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Across Virginia, Broad Community, Business Support for COPN Reforms that Preserve Vital Health Care Program

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I strongly agree with the following press release from the Virginia Hospital & Healthcare Association. Bottom line: Virginia’s General Assembly absolutely should not weaken, let alone repeal, the state’s Certificate of Public Need (COPN) program “that protects health care access, controls costs, and offsets unfunded charity care mandates on hospitals.” Also consider: “Health care is not a free market. Federal law requires hospitals to provide emergency care regardless of a patient’s ability to pay. Also, many patients who need hospital care are uninsured, underinsured, or are covered by federal or state health programs that do not cover hospitals’ full costs for delivering care.” Of course, for-profit actors would love to come in and cherry pick the profitable stuff from hospitals, leaving them with everything that loses money, sending the hospitals into a financial death spiral. The question is, why on earth would our General Assembly enable that disastrous outcome?!? – Lowell

Chambers of Commerce from Northern Virginia, Hampton Roads, Roanoke, and Bristol Favor Keeping Intact Virginia’s Certificate of Public Need Process to Protect Health Care Access, Control Costs, and Offset Charity Care Mandates

RICHMOND, VA – Chambers of Commerce, business leaders, health care advocates, and other
stakeholders are joining together to urge the Virginia General Assembly to enhance and protect Virginia’s
Certificate of Public Need (COPN) program. The groundswell of voices continues to grow as the
legislature considers proposals to alter the longstanding COPN process that protects health care access,
controls costs, and offsets unfunded charity care mandates on hospitals. Local hospitals and health
systems throughout the Commonwealth support appropriate reforms that enhance the program and
establish guidelines for future refinement. There is widespread opposition to COPN repeal among
Virginia’s local hospitals and health systems because of the serious threat that would pose to our health
care system. Support for COPN exists among many business and community organizations including the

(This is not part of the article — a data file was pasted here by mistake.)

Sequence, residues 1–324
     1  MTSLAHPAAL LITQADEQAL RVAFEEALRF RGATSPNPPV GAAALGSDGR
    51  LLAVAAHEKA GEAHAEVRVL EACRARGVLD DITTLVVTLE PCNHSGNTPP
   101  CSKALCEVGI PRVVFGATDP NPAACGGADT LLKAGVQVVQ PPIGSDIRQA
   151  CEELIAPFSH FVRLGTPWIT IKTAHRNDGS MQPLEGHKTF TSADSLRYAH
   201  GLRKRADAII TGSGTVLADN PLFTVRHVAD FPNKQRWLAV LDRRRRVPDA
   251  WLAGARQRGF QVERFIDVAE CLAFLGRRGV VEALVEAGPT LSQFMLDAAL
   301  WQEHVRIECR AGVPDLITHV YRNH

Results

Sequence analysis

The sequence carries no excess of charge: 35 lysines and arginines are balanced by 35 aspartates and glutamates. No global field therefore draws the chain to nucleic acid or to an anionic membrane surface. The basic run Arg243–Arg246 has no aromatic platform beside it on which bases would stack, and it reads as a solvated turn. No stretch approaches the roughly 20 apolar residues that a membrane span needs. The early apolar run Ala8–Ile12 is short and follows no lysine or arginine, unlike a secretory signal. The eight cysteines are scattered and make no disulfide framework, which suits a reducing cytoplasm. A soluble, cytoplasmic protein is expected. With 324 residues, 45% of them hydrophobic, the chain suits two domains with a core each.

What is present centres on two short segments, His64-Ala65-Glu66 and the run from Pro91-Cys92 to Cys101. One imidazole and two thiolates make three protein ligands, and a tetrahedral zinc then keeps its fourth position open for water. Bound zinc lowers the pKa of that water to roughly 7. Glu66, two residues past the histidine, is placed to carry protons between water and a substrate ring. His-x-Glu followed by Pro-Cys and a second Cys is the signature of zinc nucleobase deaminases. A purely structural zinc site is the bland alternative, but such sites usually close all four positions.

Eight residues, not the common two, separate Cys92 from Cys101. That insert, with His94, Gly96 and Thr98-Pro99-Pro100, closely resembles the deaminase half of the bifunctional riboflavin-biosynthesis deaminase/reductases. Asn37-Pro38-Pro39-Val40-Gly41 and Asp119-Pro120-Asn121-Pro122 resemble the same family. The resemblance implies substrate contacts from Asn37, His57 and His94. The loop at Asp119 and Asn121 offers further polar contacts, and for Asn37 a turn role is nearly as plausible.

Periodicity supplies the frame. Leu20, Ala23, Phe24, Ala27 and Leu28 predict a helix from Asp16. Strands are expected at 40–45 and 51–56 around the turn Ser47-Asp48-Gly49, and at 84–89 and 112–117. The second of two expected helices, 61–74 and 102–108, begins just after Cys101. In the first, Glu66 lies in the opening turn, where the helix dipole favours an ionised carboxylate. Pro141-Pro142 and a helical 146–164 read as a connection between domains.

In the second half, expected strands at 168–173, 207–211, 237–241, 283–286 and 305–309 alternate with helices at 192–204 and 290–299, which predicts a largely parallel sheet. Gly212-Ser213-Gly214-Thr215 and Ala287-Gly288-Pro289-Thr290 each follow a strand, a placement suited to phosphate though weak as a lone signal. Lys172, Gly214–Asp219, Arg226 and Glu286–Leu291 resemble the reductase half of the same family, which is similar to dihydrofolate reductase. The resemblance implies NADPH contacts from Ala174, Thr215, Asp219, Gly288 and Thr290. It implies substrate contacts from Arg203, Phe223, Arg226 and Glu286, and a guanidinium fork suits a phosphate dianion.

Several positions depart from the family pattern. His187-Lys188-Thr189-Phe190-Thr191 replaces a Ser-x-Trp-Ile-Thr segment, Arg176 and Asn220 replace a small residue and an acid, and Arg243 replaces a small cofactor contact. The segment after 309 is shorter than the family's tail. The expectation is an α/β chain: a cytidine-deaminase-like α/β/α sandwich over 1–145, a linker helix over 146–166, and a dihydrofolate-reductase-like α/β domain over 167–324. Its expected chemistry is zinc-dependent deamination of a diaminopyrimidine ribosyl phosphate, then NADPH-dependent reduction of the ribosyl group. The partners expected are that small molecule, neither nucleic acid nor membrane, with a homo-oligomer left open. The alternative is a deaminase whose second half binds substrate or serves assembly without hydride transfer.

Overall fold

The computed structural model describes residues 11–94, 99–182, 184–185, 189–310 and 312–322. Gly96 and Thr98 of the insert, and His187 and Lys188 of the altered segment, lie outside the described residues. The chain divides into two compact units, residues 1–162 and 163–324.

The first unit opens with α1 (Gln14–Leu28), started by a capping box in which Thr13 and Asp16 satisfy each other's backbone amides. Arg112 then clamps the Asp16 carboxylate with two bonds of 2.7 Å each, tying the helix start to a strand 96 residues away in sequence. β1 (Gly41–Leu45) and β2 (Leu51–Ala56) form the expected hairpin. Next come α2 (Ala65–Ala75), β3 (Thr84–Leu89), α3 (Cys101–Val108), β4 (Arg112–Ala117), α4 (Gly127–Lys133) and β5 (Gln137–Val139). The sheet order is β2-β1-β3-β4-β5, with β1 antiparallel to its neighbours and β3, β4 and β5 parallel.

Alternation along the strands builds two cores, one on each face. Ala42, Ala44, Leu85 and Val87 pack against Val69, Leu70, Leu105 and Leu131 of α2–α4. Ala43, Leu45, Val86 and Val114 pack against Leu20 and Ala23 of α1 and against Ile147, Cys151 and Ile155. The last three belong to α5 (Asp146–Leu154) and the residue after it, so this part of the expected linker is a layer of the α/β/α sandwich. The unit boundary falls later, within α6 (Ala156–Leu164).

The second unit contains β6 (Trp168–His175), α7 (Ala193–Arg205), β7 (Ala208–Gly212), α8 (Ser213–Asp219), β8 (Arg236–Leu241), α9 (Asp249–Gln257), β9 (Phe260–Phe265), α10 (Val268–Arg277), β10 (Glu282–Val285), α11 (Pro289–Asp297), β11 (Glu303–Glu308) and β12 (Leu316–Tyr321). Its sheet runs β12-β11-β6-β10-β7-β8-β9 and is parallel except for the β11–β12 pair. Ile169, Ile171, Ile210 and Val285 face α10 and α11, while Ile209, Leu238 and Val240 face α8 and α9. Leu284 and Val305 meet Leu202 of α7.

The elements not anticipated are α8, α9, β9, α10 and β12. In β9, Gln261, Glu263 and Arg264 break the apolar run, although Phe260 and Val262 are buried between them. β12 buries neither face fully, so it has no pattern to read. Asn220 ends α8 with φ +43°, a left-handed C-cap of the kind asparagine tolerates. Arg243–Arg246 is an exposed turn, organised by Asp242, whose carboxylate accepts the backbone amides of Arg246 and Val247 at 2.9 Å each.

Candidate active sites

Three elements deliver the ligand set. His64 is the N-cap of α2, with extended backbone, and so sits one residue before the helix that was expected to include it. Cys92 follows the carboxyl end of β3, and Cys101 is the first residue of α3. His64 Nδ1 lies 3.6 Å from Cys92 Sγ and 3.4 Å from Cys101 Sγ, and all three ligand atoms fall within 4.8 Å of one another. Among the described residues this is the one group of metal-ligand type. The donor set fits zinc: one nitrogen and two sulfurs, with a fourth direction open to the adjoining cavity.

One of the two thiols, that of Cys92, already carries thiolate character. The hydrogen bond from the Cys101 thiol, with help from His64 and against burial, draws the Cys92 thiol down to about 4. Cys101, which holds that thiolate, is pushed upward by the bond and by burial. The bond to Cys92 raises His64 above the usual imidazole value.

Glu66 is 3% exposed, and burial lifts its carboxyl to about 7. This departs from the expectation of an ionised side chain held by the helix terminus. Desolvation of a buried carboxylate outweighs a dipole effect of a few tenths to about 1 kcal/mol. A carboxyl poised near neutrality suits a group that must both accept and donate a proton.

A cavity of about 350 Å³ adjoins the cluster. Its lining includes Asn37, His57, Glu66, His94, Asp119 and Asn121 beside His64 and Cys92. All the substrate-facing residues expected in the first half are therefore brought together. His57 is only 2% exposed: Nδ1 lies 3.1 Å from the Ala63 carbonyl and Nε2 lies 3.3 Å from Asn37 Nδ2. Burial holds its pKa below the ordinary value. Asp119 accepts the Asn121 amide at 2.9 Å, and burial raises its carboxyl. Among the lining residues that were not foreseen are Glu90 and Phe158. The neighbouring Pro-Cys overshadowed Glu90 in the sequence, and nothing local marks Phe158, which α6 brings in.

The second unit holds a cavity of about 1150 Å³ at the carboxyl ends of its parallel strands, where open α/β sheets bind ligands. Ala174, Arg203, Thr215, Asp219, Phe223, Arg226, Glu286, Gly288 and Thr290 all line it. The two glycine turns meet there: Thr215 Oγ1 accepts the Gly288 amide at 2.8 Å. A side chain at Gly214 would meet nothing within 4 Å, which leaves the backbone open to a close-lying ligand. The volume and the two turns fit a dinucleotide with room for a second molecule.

Bristol Chamber of Commerce, the Greater Williamsburg Chamber & Tourism Alliance, the Hampton
Roads Chamber of Commerce, the Prince William Chamber of Commerce, the Roanoke Regional
Chamber of Commerce, and the Virginia Peninsula Chamber of Commerce. The Virginia Rural Health
Association and the Virginia Nurses Association also are supportive of reforms to enhance the existing
COPN process.  

The position taken by the chambers is in line with the recommendations of a state work group created last
year at the direction of the General Assembly. After spending much of 2015 thoroughly studying how
COPN works, the work group concluded that the program should be modernized but remain in place. The
Virginia Hospital & Healthcare Association similarly supports reform of the COPN program.  

Bi-partisan legislation sponsored by Delegate Chris Stolle (R-Virginia Beach) and Senator William
Stanley Jr. (R-Franklin County) embodies the recommendations of the work group. Their proposals
provide a mechanism for meaningful reforms to the COPN program now and in the future. Delegate
Stolle’s HB 1083 has many co-patrons from both sides of the aisle and both chambers of the General
Assembly, including roughly one-fourth of all House of Delegates’ members. Senator Stanley’s SB 641
likewise has gained bi-partisan support in the House of Delegates and the Virginia Senate.  


Virginia’s COPN program protects health care access, controls patient costs, and offsets unfunded charity
care mandates on hospitals. The majority of states (36) maintain COPN-like programs because they are